Moving vendors from order takers to strategic innovation providers (Procurement Foundry Special)

Posted on November 20, 2019


When someone recently asked me what I thought about the idea that there is a need for suppliers to become more strategic and innovative, I came to the proverbial fork in the road.

Down one road which like a pathway after a bad storm that is strewn with debris, I saw the potential obstacles originating in the way that procurement had previously worked – and sadly, in far too many cases still does. Specifically, the adversarial nature of the relationship between buyer and seller, where, as a notable author, Kate Vitasek, once put it during a lecture she gave, there is a clear winner and loser.  Talking with Kate afterward – we have become good friends since then, she recounted how Microsoft used to provide her with incentives for squeezing as much as she could out of a supplier. As she will readily admit, this is hardly the basis for forming the kind of relationship that leads to more significant innovation. There are, of course, other obstacles, but you get my point.

The Second, Less Travelled Road

I love the Robert Frost poem “The Road Not Taken,” and what it symbolizes. No, this isn’t going to be an article on a classic poem from 1916. However, in the context of moving vendors from being order takers to strategic innovators, the road less taken requires a shift in procurement’s traditional mindset. Some may find it difficult to accept; moving from a transactional relationship with suppliers to one that is relational.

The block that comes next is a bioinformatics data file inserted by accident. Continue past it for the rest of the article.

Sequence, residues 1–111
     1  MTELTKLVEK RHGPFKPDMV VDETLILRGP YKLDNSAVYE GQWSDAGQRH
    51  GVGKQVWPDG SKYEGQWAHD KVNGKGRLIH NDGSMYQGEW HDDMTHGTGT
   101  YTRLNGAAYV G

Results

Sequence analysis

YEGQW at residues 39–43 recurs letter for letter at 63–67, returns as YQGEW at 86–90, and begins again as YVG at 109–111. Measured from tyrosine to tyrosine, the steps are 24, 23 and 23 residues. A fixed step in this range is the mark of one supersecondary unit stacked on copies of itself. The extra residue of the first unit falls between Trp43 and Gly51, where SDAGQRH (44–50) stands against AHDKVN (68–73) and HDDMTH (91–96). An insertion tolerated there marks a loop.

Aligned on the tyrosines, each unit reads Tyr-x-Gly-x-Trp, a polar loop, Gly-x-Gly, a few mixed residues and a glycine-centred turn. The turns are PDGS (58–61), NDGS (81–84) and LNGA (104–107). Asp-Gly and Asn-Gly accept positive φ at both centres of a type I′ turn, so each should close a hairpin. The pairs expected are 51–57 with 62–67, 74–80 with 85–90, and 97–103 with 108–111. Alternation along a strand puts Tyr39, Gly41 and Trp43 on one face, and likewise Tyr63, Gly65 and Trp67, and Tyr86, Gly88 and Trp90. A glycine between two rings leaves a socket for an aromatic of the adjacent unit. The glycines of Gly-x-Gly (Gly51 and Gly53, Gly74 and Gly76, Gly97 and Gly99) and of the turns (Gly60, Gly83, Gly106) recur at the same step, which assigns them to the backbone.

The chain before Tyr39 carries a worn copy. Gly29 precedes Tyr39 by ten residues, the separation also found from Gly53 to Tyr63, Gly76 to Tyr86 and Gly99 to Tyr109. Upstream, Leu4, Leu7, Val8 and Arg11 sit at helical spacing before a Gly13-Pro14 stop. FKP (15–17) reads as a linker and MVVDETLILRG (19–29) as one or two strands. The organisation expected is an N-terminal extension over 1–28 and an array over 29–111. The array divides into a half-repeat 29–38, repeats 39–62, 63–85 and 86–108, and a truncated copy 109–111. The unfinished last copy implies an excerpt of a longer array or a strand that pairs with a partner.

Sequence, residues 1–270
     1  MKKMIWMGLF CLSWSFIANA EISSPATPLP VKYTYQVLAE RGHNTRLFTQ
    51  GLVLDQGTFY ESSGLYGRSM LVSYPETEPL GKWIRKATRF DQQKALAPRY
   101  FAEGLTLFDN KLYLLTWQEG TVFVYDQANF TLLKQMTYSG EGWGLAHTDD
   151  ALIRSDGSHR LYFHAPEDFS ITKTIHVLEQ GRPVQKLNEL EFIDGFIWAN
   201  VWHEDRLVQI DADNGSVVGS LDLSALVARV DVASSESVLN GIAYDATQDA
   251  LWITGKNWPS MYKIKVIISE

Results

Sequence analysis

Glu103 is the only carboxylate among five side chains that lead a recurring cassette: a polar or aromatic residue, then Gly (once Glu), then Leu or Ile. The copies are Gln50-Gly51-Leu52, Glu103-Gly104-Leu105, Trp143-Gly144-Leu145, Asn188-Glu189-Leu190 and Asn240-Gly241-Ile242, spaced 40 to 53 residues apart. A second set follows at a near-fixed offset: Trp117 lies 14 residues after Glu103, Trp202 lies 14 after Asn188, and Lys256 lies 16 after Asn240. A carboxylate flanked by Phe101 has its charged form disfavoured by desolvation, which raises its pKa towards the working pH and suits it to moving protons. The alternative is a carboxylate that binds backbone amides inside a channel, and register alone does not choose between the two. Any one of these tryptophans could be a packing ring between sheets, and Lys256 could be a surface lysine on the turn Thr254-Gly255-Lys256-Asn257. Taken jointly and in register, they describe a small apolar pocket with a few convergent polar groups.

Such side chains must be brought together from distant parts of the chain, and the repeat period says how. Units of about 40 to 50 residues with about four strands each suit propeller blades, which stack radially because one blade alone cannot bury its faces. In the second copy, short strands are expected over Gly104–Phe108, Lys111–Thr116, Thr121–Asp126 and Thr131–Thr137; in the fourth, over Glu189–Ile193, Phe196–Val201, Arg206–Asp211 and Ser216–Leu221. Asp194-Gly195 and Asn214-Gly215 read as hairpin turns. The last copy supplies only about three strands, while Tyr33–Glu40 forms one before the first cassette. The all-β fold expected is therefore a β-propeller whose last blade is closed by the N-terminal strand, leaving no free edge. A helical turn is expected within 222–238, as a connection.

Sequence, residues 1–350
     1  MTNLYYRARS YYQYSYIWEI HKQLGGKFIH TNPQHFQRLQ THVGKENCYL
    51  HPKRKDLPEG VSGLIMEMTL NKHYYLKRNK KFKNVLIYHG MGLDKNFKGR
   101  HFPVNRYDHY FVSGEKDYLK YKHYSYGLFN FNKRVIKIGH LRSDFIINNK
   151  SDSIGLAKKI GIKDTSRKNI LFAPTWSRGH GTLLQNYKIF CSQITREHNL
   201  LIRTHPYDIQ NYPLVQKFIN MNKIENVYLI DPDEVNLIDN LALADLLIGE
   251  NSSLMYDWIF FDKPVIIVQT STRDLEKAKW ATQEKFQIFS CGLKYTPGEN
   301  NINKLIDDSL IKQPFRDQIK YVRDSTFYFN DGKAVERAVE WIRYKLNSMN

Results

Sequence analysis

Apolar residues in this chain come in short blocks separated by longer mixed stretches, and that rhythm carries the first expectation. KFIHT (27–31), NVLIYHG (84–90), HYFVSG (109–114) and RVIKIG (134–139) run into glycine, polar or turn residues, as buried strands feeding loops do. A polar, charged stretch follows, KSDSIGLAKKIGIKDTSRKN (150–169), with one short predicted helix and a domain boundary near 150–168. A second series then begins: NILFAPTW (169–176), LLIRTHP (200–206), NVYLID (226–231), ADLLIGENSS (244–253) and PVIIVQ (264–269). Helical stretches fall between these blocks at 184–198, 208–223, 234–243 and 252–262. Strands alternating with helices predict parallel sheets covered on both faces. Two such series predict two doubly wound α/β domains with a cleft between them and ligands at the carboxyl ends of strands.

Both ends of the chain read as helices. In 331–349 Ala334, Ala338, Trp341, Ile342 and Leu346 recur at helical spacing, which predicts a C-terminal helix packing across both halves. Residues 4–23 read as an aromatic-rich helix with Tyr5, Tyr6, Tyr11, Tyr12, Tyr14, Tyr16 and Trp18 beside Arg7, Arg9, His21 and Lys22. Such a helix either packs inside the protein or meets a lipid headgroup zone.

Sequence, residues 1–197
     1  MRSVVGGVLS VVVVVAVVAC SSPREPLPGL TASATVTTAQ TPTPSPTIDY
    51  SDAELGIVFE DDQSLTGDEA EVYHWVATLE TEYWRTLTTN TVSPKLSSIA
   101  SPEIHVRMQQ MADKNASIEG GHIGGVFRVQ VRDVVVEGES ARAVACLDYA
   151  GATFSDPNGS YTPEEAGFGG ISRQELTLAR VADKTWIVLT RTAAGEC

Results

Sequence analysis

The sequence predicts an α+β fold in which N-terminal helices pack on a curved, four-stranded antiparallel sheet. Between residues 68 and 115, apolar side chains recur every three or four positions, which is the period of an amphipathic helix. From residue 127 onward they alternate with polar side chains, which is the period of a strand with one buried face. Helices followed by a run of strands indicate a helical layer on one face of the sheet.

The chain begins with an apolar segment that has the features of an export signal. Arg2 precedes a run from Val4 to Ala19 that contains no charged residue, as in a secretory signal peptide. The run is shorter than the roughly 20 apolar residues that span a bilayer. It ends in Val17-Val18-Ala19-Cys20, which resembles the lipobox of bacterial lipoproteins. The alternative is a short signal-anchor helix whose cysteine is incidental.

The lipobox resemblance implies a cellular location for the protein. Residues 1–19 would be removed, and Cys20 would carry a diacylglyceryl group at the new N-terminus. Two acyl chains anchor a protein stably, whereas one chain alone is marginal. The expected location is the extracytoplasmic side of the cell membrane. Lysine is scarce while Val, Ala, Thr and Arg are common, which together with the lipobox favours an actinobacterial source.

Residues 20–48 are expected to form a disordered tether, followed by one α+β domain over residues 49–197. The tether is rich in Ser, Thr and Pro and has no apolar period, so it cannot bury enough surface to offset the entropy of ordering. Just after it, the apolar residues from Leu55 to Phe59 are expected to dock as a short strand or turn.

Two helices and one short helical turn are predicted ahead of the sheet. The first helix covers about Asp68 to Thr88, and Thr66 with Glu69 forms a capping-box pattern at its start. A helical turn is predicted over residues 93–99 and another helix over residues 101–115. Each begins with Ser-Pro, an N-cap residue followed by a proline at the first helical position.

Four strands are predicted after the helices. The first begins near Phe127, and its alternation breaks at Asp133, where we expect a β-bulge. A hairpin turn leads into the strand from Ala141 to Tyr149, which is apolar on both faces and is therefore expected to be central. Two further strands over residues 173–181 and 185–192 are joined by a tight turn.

Let me give you an example of what I mean when I say relational.

A few years ago, I moderated a panel discussion in which the then head of Spend Matters UK Peter Smith was a member. While there were many great insights from the panelists, the one that stood out the most was Peter’s story regarding how the ubiquitous upside-down Heinz ketchup bottle came into existence.

Smith told of how the bottle idea originated with a Heinz supplier, and in partnership with the company’s procurement department, was “championed” to upper management. At the time, I remember thinking to myself how many of the listeners tuning in to the broadcast would have “linked” a product innovation with procurement? I then went on to suggest that for a similar collaboration to occur with higher frequency, procurement professionals must begin seeing their roles in much different light than they did at that time. Or to put it another way, we have to as a profession collectively make a conscious and concerted effort to choose the less traveled road that involves proactive collaboration and transparency in which the term win-win is more than an unrealizable sentiment.

Use the following link to read the rest of this article, and while there, check out the many other interesting articles and resources on the Procurement Foundry site.